NASA finally embarked on a much-awaited process of bringing the newly launched James Webb Space Telescope into focus.
The task, due for completion by early summer will keep an eye on the sky bringing fresh knowledge about the universe.
Mission control engineers at NASA’s Goddard Space Flight Center in Greenbelt have begun sending initial commands to the telescope’s actuators that slowly position and fine-tune James Webb’s principal mirror.
It consists of 18 hexagonal segments of gold-plated beryllium metal; the primary mirror measures 21 feet 4 inches in diameter.
The 18 segments just unfurled lately. Now, those segments must be detached from the fasteners that hold them in place for the launch.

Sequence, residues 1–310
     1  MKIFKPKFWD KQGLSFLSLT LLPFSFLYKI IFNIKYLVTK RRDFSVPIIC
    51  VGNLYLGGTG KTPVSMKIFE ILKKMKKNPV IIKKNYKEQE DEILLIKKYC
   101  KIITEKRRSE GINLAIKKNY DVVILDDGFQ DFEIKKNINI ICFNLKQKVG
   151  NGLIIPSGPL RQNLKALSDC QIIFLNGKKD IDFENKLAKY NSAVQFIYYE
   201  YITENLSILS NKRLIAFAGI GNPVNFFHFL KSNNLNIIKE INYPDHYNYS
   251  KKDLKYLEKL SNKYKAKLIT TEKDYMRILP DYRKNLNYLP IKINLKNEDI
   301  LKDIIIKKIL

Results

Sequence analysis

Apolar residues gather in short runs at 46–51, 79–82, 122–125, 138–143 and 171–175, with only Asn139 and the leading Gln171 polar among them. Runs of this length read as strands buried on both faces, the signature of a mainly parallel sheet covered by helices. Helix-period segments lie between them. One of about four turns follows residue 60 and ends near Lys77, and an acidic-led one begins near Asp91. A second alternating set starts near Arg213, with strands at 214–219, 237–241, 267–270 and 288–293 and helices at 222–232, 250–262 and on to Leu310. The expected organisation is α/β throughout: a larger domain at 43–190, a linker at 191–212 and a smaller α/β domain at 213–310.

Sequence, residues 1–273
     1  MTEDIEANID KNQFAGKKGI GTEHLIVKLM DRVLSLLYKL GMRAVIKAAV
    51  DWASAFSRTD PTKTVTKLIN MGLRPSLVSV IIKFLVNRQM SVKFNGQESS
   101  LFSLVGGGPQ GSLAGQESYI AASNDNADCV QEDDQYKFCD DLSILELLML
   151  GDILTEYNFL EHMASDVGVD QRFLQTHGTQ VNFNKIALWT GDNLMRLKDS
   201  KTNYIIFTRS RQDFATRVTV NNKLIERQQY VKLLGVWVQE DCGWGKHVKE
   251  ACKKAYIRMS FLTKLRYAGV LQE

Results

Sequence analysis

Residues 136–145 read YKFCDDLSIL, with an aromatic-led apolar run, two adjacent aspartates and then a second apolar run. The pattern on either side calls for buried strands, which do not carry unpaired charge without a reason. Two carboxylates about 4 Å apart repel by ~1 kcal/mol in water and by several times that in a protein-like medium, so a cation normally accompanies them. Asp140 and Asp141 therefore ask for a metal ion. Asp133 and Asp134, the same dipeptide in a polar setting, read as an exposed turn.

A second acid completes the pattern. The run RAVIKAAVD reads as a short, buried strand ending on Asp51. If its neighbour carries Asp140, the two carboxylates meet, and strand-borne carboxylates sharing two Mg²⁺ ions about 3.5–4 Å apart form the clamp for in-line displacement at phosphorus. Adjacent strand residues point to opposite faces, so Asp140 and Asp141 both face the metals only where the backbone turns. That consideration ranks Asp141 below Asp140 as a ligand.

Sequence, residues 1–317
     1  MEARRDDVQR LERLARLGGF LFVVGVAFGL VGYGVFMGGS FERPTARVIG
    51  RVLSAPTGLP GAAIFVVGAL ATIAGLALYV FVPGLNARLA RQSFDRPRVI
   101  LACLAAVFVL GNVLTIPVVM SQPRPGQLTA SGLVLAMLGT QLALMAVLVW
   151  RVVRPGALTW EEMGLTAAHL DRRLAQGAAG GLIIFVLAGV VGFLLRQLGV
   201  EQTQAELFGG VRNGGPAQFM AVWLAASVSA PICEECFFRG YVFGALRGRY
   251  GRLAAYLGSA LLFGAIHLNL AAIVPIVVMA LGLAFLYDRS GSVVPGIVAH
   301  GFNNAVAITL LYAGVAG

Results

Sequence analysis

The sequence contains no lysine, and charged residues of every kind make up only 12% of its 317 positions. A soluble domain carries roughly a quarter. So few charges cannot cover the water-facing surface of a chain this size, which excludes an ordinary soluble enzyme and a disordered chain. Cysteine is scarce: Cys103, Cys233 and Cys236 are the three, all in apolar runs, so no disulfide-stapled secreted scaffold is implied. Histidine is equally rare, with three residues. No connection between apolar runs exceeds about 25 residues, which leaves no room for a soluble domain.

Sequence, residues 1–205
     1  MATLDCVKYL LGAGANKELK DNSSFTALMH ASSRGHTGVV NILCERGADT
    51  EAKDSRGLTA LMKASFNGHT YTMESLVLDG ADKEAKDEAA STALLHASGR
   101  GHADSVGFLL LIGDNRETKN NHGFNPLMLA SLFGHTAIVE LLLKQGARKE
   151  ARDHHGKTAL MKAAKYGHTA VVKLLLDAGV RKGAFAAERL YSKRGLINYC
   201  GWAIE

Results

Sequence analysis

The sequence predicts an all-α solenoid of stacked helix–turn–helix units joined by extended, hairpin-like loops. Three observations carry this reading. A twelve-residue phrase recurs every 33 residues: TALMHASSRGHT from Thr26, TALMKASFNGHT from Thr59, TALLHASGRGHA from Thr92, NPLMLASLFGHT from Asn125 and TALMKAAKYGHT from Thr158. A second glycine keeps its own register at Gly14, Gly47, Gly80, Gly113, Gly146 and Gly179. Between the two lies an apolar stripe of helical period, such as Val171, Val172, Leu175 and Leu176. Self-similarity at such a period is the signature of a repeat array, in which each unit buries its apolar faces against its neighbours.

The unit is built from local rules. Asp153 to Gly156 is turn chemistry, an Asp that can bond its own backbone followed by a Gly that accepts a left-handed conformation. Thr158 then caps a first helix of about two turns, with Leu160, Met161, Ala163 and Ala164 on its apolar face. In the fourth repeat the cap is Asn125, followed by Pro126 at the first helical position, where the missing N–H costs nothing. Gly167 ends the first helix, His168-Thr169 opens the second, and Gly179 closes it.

After all the preparations, the James Webb telescope should be ready to capture its first science images in May. These will then be processed over about another month before being finally released to the public.
James Webb is $9-billion telescope, the premier space-science observatory of the next decade.
It will view the cosmos in the infrared spectrum. James Webb is several times more powerful than the Hubble telescope.
It will enable scientists to observe objects at greater distances. Astronomers believe this will bring into view a glimpse of the cosmos never seen before.
The breakthrough piece of science is an international collaboration led by NASA in partnership with the European and Canadian space agencies.
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